Why did your husband even go there, considering that you and your friend had “said no more of it”. I’m not doubting his good intentions, but he really did jump in there both feet first. Which your friend took badly, overreacted, and then lashed out and exaggerated in retaliation.

    I think it would be better if you all stopped being friends though. It’s not working for any of you.

  • Closed Accounts Posts: 12,449 ✭✭✭✭pwurple

    First of all , she seems like an addict, and not in her right mind. Especially as these episodes are when she is off her head.

    Your husband meant well, but that was a dopey thing to do and it's clearly seen by her as breach of her trust. You telling him about her depression was not something she wanted shared. She is mortified and is now lashing out.

    I don't know if you can fix this to be honest. She sounds like she needs professional help.

  • Registered Users Posts: 68,317 ✭✭✭✭seamus

    I do agree that indeed your husband getting in touch, while well-intentioned was an error on his part and out of line.

    I would make it clear to him that in future, the things you tell him, you do in confidence using him as a sounding board. And if you want him to get involved, you will explicitly ask. My wife has confided in me about her friends, and while I've privately thought about what I could do to try and help, I've never carried through. It's not my place. So I do understand why he did what he did, but it was still a mistake on his part.

    Nevertheless, none of that excuses what she's done. If she was upset about you telling your husband, then a rational adult would come straight out and say it, rather than trying to weave some kind of grand soap opera out of it.

  • Administrators, Politics Moderators, Society & Culture Moderators Posts: 25,947 Admin ✭✭✭✭✭Neyite

    There's a big difference between keeping secrets you have from your partner and keeping secrets told to you by another person.

    Friends of mine have confided in me, and the most my partner gets told is that my friend had a bit of a crisis and needed someone to talk to, and only if needed.

    Your husband was out of order texting her, but you were wrong to tell him about her issues. Having said that she sounds very troubled and makes up stuff so as a friend she's probably no great loss to you.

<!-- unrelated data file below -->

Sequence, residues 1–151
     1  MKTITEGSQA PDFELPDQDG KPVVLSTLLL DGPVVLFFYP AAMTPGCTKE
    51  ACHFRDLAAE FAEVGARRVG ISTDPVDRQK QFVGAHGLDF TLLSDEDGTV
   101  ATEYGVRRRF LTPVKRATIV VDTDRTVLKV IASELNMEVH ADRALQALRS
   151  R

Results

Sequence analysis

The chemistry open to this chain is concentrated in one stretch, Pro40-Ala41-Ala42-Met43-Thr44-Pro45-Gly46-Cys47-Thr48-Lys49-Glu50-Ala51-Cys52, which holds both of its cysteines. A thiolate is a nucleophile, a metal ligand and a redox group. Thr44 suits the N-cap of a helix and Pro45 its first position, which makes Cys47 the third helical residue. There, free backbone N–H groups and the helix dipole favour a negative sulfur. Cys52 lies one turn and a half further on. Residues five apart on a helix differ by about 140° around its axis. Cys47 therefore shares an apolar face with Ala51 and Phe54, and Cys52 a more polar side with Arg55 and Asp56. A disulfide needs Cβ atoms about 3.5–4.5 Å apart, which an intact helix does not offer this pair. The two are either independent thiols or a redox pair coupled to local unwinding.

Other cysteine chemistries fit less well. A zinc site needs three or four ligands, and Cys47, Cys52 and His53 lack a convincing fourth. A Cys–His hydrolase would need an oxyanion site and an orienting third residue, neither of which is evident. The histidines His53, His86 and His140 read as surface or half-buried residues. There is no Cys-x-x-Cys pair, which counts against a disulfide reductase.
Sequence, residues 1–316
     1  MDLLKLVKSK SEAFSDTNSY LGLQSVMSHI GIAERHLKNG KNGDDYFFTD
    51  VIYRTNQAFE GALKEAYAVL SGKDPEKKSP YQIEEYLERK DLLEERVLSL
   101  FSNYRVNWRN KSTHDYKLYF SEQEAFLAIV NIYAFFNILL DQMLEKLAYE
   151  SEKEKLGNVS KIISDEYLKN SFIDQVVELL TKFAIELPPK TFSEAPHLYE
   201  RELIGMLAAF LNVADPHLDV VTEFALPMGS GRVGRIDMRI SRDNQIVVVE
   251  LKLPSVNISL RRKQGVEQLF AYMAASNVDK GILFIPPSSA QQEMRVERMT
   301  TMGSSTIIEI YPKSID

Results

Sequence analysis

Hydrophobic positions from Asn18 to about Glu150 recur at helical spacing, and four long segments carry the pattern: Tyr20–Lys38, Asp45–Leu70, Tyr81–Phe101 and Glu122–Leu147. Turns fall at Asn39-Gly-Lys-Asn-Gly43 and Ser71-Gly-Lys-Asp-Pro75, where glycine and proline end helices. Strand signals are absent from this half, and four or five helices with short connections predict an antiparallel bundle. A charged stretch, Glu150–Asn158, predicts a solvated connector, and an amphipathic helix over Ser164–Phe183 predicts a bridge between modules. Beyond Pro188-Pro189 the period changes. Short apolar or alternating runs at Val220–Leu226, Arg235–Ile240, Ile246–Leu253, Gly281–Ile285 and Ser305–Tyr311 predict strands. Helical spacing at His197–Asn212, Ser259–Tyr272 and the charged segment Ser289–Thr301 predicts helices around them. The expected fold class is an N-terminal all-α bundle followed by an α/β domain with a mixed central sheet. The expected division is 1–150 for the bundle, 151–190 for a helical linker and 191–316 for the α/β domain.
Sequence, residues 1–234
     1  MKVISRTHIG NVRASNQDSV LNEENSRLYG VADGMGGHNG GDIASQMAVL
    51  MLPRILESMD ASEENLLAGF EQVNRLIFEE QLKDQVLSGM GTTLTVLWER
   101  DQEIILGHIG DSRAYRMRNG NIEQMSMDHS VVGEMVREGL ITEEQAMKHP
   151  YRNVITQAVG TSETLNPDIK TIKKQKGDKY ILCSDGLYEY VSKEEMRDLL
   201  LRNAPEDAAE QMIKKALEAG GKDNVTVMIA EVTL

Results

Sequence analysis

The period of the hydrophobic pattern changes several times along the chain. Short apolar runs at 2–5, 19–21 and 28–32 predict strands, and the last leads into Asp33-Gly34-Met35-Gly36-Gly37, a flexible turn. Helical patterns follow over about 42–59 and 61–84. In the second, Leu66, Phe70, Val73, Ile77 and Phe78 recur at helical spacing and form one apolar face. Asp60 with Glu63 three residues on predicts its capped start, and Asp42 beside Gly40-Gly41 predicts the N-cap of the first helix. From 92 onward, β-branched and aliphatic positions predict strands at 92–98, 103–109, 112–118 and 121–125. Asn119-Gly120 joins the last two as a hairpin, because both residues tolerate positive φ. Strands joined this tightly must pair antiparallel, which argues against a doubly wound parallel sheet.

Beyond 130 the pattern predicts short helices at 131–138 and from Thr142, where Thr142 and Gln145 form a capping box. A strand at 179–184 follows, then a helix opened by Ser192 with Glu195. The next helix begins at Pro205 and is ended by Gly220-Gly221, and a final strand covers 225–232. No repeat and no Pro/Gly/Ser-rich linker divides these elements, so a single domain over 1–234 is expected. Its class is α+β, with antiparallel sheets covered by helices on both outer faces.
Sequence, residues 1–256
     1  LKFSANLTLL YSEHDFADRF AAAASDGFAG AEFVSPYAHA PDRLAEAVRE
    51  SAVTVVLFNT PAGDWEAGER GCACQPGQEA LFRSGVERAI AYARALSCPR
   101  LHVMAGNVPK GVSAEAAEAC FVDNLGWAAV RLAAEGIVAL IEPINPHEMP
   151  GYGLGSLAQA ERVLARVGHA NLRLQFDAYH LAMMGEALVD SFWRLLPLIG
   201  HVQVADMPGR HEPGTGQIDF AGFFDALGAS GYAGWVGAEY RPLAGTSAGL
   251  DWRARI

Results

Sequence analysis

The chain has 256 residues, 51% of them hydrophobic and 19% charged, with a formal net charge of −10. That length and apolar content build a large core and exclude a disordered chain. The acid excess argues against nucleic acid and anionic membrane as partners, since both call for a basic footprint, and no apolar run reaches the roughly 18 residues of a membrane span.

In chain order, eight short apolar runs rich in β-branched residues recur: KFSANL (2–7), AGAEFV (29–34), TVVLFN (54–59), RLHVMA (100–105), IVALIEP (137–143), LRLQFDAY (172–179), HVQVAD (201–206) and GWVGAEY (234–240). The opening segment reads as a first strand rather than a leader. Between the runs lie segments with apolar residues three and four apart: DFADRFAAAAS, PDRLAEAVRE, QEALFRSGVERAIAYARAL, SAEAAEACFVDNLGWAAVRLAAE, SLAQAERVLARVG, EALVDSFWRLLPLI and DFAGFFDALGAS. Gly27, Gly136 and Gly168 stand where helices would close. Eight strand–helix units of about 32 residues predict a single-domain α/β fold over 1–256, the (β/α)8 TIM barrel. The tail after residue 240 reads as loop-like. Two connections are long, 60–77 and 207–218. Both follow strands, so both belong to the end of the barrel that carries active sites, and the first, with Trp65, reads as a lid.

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  • Closed Accounts Posts: 30 EasyG

    Friend broke my trust.
    Mmm, sounds like YOU broke your friends trust, from what I'm reading here.
    Your husband was bang out of order contacting her like that after you went to her at her time of need.
    She lashed out with a few drinks on her. Try see it from her side.

  • Registered Users Posts: 614 ✭✭✭notsoyoungwan

    You were the first one to break trust, by telling your husband the details of her crisis/meltdown.

    I really despise people who tell their spouses things their friends have confided in them on the basis that they ‘don’t have secrets’ from their spouse. It’s of course totally fine for you not to have secrets about your own life from your spouse (though in and of itself I find that an odd dynamic) but it is perfectly reasonable for a friend to want to share things with you and you alone, ie not your husband.

    To me, it’s a sign of a bad friend if they automatically tell their spouse something a friend has told them in confidence because they ‘tell him everything’. I’ve ended one friendship over it, a good few years ago after a friend told her husband something deeply personal I’d told her and then told me what his opinion on it was.

  • Registered Users Posts: 1,123 ✭✭✭Ellie2008

    As the above poster has said you broke her trust. Your husband then did something which was inappropriate however well intentioned. I don’t see what it would be obvious that you would tell your husband what happened the night you went to see your friend.

    Your friend then called your sister drunk & said a few things that sound close to the truth followed by some crazy acquisitions.

    I don’t understand how you’ve made the jump to your friend has an issue with anyone with husbands, boyfriends, kids etc. It sounds like you are angry & reaching & looking for a reason to ditch her.

    Your friend sounds like she could do with a friend. She shouldn’t have called your sister & said those things, but she sounds vulnerable. My advice would be to wait until you are both less emotional & discuss it.

  • Registered Users Posts: 1,272 ✭✭✭qwerty13

    You both broke each other’s trust. That got highlighted in different ways: your husband should and could have kept his nose out and mouth shut, but didn’t. And your friend should not have drunkenly relayed information re your husband. But the point is that you both mouthed off very private info to others.